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Elon's Last Stand
Musk's ESG unfriendly past finally catches up with him
Elon Musk has always been the 800-pound gorilla in the ESG room.
Environmental, Societal and Governance investing, despite the recent rhetoric otherwise, is neither Communism nor is it new. ESG was an invention of corporate credit giants like Moody’s and S&P, following scrutiny on mega investors like the massively influential and well-capitalized California Public Employees' Retirement System (CalPERS).
CalPERS had billions of dollars invested in Fossil Fuels, Cigarette companies, and Weapons manufacturers. Headline craving California politicians started demanding that CalPERS reconsider their allocation to such companies. ESG reporting allowed more problematic industries to disclose their impacts and describe improvements they were making to placate concerns. As a result, oil majors have been leading the charge on ESG reporting for well over a decade.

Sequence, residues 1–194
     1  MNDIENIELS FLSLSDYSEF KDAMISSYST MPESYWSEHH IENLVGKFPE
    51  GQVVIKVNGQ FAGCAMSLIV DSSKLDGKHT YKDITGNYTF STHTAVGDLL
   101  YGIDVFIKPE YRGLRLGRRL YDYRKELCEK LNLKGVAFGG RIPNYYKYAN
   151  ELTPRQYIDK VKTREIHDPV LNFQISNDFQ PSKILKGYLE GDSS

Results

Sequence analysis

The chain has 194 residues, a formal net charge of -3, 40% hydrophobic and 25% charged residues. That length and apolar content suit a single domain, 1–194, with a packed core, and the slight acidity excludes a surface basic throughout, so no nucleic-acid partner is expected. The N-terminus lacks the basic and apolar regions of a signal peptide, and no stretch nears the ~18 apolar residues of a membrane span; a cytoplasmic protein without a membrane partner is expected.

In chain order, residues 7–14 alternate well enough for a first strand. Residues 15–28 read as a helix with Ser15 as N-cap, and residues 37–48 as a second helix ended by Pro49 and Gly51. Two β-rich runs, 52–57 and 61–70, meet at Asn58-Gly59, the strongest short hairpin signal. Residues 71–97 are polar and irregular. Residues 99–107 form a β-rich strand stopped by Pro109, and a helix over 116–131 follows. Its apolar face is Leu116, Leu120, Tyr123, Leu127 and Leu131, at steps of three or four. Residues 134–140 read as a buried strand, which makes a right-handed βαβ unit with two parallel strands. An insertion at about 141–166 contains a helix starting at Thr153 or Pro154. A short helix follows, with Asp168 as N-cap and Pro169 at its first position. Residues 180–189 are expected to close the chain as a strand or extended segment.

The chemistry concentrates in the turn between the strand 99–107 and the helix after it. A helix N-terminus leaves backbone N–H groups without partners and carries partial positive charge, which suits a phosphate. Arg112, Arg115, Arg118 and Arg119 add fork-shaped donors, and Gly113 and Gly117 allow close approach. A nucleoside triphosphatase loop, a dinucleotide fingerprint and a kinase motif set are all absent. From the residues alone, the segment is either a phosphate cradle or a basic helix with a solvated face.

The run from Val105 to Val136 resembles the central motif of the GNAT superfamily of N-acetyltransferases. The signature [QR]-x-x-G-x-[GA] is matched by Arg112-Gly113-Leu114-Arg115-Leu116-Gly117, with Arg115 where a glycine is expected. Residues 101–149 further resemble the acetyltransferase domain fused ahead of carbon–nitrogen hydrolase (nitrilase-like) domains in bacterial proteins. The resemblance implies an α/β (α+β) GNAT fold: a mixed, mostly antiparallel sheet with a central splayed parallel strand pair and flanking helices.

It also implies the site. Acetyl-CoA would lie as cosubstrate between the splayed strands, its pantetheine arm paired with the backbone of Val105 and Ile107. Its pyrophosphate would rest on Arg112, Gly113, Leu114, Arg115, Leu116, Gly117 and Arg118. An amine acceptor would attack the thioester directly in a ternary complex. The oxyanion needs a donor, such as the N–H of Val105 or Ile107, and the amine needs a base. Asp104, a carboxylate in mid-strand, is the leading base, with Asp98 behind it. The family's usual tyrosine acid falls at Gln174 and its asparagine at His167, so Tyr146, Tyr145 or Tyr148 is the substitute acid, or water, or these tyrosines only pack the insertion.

In the early 2010s, sectors like Solar Power and Electric Vehicles had the opposite public perception. These industries took advantage of the institutional “Dumb money” philosophy that equity and bonds from green companies should always be snatched up, regardless of financial reality.
It should be no surprise that no one person benefited from this perception, that “new energy” and “new transport” were the ultimate ESG-friendly investments, more than Elon Musk.
This gold rush was unsurprisingly not without problems. It’s been nearly seven years since the catastrophic collapse of SunEdison, the California-based Solar Giant and one time hottest stock on CNBC. SunEdison executives committed a years-long campaign of fraud and misleading proclamations while personally enriching themselves. This was a calamity of Governance.